Marketing's Three Legged Stool
Hotel Marketing in the 21st Century
By Bonnie Knutson Professor, The School of Hospitality Business/MSU | September 04, 2016
So you clicked on this website link and are starting to read. Okay. That’s good. But before reading further, let me ask you a question. Just what is marketing in the lodging industry today? Hotel managers talk about it. Sales teams agonize over it. And strategic consultants have a plan for it. But just what is it? If you were to ask a thousand different people to define hotel marketing, you’ll undoubtedly get a thousand different answers. One General Manager might say, “Oh that’s easy, it’s keeping heads on all my beds with a waiting list out the door.” A Banquet Manager might reply, “Well, it’s planning and promoting our special promotions and special events.” A member of your loyalty program might answer, “It’s the email offers I get every month.” And a college student, majoring in hospitality management, might give the American Marketing Association’s (AMA) definition that he or she had to memorize for some course: “Marketing is the activity, set of institutions, and processes for creating, communicating, delivering, and exchanging offerings that have value for customers, clients, partners, and society at large.” So which one is right? This question becomes progressively more important in today’s – and tomorrow’s – increasingly competitive global hotel environment.
Just for fun, when starting to write this article, I googled (remember when Google was a noun?) the phrase, hotel marketing strategy and got 2,990,000 hits. When I rephrased and typed in hotel marketing ideas, the number jumped to 42,000,000. Making my search a little more generic, I eliminated the word private and just used marketing for clubs. The resulting amount more than tripled, giving me 40,700,000 possibilities. And when I just used hotel marketing, I was overwhelmed by 175 million websites. Yikes! No wonder many in the lodging industry think marketing to sophisticated, knowledgeable, demanding, and ever-changing consumers and guests is challenging. And they’re not even counting those prospective guests who are targets for a virtually every promotional campaign.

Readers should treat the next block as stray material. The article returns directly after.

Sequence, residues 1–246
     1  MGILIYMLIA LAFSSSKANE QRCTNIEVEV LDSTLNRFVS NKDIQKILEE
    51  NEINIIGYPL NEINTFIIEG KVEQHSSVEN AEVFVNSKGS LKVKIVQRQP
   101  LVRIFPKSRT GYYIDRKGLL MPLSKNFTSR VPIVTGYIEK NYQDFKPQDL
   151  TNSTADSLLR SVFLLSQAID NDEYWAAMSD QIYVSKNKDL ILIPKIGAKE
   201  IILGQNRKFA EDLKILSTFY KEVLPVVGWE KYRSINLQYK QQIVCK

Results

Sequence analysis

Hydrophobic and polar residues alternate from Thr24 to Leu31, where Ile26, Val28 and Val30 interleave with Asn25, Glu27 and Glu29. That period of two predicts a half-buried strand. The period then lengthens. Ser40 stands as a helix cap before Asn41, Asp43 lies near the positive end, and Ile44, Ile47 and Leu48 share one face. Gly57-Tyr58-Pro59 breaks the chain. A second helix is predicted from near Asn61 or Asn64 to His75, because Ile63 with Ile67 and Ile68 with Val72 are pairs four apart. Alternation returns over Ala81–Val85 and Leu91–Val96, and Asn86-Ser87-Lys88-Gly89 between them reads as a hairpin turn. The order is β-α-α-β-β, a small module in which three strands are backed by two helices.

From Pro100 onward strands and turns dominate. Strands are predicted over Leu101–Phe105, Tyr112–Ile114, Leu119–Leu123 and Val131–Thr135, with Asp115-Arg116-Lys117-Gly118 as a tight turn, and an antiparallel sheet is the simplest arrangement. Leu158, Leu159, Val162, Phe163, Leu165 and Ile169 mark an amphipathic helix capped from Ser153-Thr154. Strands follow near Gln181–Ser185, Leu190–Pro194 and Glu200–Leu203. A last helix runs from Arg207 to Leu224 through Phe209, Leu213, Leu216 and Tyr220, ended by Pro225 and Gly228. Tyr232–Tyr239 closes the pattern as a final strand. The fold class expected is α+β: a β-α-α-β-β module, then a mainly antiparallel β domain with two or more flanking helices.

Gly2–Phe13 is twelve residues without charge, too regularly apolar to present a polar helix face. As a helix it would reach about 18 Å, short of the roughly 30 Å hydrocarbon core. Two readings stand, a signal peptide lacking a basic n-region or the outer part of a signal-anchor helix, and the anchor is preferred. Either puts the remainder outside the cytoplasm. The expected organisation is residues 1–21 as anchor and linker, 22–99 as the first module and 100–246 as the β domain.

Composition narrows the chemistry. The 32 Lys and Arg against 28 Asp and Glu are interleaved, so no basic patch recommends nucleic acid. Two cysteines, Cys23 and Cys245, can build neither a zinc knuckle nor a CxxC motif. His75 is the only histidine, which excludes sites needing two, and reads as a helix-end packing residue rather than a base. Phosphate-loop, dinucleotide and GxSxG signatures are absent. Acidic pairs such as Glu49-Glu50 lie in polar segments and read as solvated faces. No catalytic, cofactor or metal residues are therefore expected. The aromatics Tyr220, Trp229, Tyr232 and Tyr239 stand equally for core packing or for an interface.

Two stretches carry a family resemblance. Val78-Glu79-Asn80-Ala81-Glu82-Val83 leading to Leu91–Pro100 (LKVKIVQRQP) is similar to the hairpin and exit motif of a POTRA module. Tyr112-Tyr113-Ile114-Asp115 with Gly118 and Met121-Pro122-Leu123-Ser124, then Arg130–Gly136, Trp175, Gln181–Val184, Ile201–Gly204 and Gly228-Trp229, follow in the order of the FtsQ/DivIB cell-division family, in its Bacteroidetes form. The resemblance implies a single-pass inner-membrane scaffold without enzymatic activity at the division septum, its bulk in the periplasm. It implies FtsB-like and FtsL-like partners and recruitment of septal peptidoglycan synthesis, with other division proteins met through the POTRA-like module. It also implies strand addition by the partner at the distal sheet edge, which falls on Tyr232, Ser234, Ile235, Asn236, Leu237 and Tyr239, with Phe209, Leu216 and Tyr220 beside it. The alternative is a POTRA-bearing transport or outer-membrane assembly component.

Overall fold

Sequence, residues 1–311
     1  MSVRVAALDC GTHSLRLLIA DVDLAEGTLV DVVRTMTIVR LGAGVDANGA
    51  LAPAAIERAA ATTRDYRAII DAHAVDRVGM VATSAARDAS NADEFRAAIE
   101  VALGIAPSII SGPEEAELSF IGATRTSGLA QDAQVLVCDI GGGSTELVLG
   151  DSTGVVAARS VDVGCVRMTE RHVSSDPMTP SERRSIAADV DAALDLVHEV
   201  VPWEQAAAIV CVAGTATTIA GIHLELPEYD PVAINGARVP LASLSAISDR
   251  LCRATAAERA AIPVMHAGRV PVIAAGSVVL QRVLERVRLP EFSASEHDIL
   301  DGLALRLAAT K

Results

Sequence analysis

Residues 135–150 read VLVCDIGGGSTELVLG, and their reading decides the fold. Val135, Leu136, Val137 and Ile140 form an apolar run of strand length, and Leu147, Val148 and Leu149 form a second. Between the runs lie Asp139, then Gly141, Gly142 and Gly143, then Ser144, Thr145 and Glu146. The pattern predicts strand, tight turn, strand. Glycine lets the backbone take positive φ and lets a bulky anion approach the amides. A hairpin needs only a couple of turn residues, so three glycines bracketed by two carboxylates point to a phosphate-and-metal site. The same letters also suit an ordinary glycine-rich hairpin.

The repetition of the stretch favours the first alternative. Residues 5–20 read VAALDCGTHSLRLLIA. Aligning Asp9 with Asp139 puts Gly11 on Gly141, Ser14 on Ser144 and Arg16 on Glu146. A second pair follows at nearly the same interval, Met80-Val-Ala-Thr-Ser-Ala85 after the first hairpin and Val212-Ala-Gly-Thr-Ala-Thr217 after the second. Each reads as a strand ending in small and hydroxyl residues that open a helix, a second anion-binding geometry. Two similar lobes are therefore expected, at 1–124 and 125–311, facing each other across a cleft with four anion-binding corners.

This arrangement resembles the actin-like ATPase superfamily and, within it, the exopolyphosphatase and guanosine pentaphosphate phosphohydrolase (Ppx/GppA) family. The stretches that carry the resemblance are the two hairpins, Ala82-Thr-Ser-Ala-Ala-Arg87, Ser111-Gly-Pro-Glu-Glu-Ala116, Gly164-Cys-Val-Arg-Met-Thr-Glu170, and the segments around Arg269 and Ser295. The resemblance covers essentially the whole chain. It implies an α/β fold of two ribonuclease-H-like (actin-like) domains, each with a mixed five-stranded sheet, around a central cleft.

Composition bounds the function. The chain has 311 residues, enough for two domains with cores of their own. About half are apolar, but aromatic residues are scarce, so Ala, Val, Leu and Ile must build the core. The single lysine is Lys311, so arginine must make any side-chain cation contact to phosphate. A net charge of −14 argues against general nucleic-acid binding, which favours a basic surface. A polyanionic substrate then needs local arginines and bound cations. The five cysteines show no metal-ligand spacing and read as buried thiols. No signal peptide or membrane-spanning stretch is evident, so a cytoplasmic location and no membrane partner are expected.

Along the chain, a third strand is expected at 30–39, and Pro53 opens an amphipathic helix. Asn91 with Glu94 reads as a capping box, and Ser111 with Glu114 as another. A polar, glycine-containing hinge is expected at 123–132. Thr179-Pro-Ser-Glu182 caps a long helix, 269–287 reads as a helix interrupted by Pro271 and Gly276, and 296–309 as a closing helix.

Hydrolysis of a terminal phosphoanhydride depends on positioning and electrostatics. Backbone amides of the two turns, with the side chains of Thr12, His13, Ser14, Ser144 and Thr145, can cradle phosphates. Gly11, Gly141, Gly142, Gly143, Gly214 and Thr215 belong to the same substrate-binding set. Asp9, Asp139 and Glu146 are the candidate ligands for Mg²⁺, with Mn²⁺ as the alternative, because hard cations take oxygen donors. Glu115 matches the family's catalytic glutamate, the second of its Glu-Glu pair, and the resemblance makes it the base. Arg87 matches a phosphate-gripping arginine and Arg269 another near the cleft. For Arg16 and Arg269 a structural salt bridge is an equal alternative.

This article is designed to help anyone in the hotel industry answer the challenge of hotel marketing in the 21st Century. It is built on my belief  that marketers have overly complicated the marketing process,  that marketing is dynamic, constantly evolving to meet the changing needs, wants, and expectations of people and organizations, and  that the reasoning behind the AMA’s newly revised definition is right on target. As Nancy Costopulos, Chief Marketing officer of the AMA said in a 2008 press release, ”One of the most important changes to [the] American Marketing Association’s new definition for marketing is that marketing is presented as a broader activity…Marketing is no longer a function – it is an educational process.” The key phrase is educational process.
If you have ever attended one of my seminars or read an article I’ve written, you know that I like to use metaphors to help my audience better understand the point being made. I do the same in this piece. Throughout, I draw on images, quotations, stories, and even some Hollywood movies as visualization tools. I take examples from other industries and show how the hotel industry can learn from them. And, hopefully, I give you some new ways of thinking and doing which will make your marketing efforts more effective.
So here goes.
This piece is organized around the concept of a milk stool. For anyone who grew up in an agricultural setting (no, I didn’t) and had an opportunity to milk a cow (yes, I did), you know that the three-legged design of a milk stool makes it a stable and strong place to sit. If any one of the legs is too long or too short, the stool can fall over. But if the three legs are all equal, the stool doesn’t wobble or tip, even on uneven ground. It is much the same in hotel marketing. To milk the most out of your brand’s marketing efforts, each of the legs must be equally strong. Think of the first stool leg as representing your guests and prospective guests. I labeled this leg Identify Demand. The second leg symbolizes Influencing Demand, encompassing guiding principles that support a new perspective of communicating. Leg three denotes Servicing Demand and takes you away from the old notion that marketing and operations are separate functions. The seat of this hypothetical marketing stool symbolizes the measurable results of your efforts, while the uneven ground embodies the unsteady business environment in which hotels compete. If any of your brand’s three legs are too long or too short, its marketing endeavors won’t be stable in the ever-changing hotel setting and your marketing can topple over.
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